Decrease trash at CVU
The United States makes up only 5 percent of the world’s population, yet we produce nearly one third of the world’s trash. As a senior at CVU, I’ve seen our contribution to this problem throughout the community. In CVU’s cafeteria we have three places to bring our waste products at the end of lunch. At these waste stations we have large trash cans and recycling buckets, yet our compost buckets are small and unlabeled. At school our recycling and compost are seen as unwanted alternatives to the trash. It would be best to follow in Shelburne Community School’s footsteps by installing a sorting table in our café. The sorting table would put compost, trash, and recycling all on the same playing field, by installing the table, students will hopefully take the extra second to sort their waste from lunch. We found last year that out of approximately 330 lbs. of waste collected in one day at CVU only 21 percent of that was “true trash” and the rest should have been either recycled or composted. The café and maintenance departments are in support of this project, and I am working with them to get the stations installed soon. If you visit CVU in the spring, check out the sorting station in the café.
Ezra Pasackow, Shelburne
Save Pond Road
I’m writing regarding the Selectboard article in the Dec. 20th issue of Shelburne News, which states that a group of residents have petitioned the board to have Pond Road paved. Although usually a private person, I wrote to the Shelburne News 10 years ago about this same issue and am compelled to write once more.
I run on Pond Road nearly every day, all year long. I know it intimately, during all seasons and various times of day. Pond Road is the only public dirt road in Shelburne in which we can all walk, bike, run, and walk our dogs and horses without worrying about whizzing traffic.
In 2002, I wrote about taking my 5-year-old to walk on the dirt road to see the migrations of birds, turtles, salamanders, and frogs as they cross the road and sky. Pond Road has working dairy farms, with tractors, manure spreaders, and milk trucks pulling in and out and moving slowly. It is a piece of traditional Vermont, whose character would be completely lost if it were paved. Now, in 2012, I write again, feeling more strongly than ever about the above issues after spending the last 10 years on the road.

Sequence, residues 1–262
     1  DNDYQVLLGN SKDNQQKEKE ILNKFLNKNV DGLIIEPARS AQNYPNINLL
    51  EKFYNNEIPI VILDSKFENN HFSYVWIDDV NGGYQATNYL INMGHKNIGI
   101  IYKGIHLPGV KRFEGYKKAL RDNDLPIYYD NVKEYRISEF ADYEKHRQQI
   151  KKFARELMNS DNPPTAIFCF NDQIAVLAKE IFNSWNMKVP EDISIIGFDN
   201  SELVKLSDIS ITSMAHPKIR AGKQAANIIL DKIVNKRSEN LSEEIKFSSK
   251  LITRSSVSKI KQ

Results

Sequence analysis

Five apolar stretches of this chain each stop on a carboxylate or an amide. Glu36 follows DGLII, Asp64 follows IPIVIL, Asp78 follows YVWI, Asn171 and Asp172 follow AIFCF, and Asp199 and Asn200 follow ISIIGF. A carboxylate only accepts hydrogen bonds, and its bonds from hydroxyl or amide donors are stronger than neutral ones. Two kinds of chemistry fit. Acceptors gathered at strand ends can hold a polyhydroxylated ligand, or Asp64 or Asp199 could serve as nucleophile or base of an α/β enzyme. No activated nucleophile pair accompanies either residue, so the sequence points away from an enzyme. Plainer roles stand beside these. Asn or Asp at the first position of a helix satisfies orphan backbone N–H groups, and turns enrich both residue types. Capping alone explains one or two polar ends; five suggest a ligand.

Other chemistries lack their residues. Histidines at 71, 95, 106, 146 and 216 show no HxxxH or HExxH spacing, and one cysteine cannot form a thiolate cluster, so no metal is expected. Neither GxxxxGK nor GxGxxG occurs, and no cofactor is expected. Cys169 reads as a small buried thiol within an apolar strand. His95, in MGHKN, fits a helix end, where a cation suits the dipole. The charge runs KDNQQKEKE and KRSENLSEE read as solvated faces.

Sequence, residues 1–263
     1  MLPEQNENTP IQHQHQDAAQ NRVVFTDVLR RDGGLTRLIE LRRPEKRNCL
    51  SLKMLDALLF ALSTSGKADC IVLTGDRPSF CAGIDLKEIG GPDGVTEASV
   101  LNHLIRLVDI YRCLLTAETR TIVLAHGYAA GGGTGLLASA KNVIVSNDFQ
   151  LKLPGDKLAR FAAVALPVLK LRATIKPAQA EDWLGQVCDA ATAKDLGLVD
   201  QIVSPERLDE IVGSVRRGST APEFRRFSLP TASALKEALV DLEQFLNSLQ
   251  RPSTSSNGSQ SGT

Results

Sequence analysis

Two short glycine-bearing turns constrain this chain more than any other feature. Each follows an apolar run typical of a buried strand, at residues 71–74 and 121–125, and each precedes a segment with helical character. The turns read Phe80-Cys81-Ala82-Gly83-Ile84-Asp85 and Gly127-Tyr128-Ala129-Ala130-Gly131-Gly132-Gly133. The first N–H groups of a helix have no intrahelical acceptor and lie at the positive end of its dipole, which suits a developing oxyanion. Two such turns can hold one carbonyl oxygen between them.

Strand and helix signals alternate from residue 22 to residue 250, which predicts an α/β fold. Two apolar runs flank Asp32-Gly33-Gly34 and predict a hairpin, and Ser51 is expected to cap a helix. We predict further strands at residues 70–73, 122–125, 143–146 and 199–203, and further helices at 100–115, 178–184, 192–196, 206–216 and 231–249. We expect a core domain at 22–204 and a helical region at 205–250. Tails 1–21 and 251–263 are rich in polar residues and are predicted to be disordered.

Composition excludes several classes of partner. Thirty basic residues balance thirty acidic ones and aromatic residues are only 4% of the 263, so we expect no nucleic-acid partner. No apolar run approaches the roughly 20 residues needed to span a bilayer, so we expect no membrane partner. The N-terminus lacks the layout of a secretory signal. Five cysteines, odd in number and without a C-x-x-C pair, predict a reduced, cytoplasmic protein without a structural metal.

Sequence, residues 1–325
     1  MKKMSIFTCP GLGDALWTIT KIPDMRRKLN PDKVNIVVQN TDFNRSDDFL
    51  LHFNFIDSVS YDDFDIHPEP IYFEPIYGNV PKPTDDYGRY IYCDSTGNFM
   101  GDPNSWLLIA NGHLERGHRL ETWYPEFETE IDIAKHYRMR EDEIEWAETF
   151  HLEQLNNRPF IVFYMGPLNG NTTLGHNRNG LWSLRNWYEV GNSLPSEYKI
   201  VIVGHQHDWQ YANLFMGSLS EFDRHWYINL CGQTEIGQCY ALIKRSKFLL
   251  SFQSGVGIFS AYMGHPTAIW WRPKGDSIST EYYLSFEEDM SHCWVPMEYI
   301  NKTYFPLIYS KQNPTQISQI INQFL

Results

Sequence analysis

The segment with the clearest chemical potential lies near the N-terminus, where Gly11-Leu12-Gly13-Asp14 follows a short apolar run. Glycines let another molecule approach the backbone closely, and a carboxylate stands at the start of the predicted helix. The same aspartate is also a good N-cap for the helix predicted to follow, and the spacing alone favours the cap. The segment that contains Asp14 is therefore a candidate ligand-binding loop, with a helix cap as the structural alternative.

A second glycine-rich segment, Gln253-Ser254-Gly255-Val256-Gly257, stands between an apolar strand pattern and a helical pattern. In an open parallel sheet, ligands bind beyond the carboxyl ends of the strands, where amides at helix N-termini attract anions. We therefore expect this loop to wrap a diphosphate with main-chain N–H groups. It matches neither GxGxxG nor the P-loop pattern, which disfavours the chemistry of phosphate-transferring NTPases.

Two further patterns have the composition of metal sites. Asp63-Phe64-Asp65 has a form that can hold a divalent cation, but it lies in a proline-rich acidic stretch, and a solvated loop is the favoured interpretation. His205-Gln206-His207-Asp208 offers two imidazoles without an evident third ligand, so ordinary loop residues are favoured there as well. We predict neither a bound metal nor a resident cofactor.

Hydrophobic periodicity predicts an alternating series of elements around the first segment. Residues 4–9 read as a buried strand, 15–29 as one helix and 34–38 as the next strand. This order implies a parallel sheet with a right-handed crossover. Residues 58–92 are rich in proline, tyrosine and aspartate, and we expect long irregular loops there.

Yet, now that my daughter is 15 and learning to drive, an even more important issue comes to the fore. Although most people drive more slowly on Pond Road than other roads, the people who are speeding are almost always high school aged drivers. This road is a short cut to CVU, and although most of the teen drivers take the paved road to and from CVU, the ones who take Pond Road are often going too fast. Way too fast! There are two hills on the road, both blind, one has a sharp curve on the east side. I see no way that a speeding teen on a paved road will make that curve if the road has any kind of less-than-optimal road condition. I have seen a teen drive into the swamp, ruining his parent’s car. I have also seen a teen lodged on top of the town’s snow pile, put there to alert drivers who disregard the signs that the road is closed. In both cases, these teens were unhurt. If a teen comes over one of the hills while going too fast, he/she will not be so lucky. It is almost inevitable that this will happen if Pond Road is paved.
We lost a teen last year on a hill after a curve on the way to CVU. He was a beloved member of our community and he is greatly missed. We cannot spend our tax dollars paving a dangerous road on the way to a public high school and risk endangering any of our children. They are all “our children.”
So Thea, whose house is the closest to Pond Road, and who deals with the dust and the occasional potholes daily, sign me up for the “Save Pond Road” vocal group! This is truly a life or death issue, not only for Vermont as it once was, but also for our teenagers.
Deb Hartshorn, Shelburne